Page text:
Mitochondrial content and distribution changes specific to mouse diaphragm after chronic normobaric hypoxia

Jorge L. Gamboa, Francisco H. Andrade

Research output: Contribution to journalArticlepeer-review

50 Scopus citations

Abstract

Chronic hypoxia reduces aerobic capacity (mitochondrial content) in limb skeletal muscles, and one of the causes seems to be decreased physical activity. Diaphragm and other respiratory muscles, however, may have a different pattern of adaptation as hypoxia increases the work of breathing. Thus, we hypothesized that chronic hypoxia would not reduce mitochondrial content in mouse diaphragm. Adult male C57BL/6J mice were kept in normoxia (FIO2 = 21%, control) or normobaric hypoxia (FIO2 = 10%, hypoxia) for 1, 2, and 4 wk. Mice were then killed, and the diaphragm and gastrocnemius muscles collected for analysis. In the diaphragm, cytochrome c oxidase histochemistry showed less intense staining in the hypoxia group. The total content of subunits from the electron transport chain, pyruvate dehydrogenase kinase 1 (PDK1), and voltage-dependent anion channel 1 (VDAC1) was evaluated by Western blot. These proteins decreased by 25-30% after 4 wk of hypoxia (P < 0.05 vs. control for all comparisons), matching a comparable decrease in diaphragmatic mitochondrial volume density (control 33.6 ± 5.5% vs. hypoxia 26.8 ± 6.7%, P = 0.013). Mitochondrial volume density or protein content did not change in gastrocnemius after hypoxia. Hypoxia decreased the content of peroxisome proliferator-activated receptor gamma (PPARγ) and PPARγ cofactor 1-alpha (PGC-1α) in diaphragm but not in gastrocnemius. PGC-1α mRNA levels in diaphragm were also reduced with hypoxia. BCL2/adenovirus E1B interacting protein 3 (BNIP-3) mRNA levels were upregulated after 1 and 2 wk of hypoxia in diaphragm and gastrocnemius, respectively; BNIP-3 protein content increased only in the diaphragm after 4 wk of hypoxia. Contrary to our hypothesis, these results show that chronic hypoxia decreases mitochondrial content in mouse diaphragm, despite the increase in workload. A combination of reduced mitochondrial biogenesis and increased mitophagy seems to be responsible for the decrease in mitochondrial content in the mouse diaphragm after hypoxia.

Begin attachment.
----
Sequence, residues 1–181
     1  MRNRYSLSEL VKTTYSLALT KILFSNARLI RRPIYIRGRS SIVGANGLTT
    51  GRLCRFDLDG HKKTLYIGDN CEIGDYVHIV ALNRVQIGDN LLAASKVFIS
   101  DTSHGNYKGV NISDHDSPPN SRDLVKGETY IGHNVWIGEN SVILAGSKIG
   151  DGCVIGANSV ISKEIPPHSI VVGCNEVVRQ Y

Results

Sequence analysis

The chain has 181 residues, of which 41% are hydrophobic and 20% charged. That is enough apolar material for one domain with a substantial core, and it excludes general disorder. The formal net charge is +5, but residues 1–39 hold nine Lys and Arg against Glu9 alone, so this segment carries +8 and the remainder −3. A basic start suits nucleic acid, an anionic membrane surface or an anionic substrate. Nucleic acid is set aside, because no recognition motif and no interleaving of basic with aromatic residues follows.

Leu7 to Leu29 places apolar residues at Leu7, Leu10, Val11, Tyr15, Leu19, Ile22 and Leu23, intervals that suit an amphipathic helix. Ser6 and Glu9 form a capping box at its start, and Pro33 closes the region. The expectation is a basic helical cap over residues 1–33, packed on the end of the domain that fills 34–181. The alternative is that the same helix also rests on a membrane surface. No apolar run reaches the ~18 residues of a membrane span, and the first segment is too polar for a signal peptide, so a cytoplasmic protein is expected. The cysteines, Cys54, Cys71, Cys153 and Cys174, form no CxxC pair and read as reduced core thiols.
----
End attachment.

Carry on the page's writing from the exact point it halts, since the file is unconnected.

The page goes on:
Original languageEnglish
Pages (from-to)R575-R583
JournalAmerican Journal of Physiology - Regulatory Integrative and Comparative Physiology
Volume298
Issue number3
DOIs
StatePublished - Mar 2010

Keywords

  • Autophagy
  • Metabolism
  • Mitochondrial biogenesis
  • Respiratory muscles

ASJC Scopus subject areas

  • General Medicine

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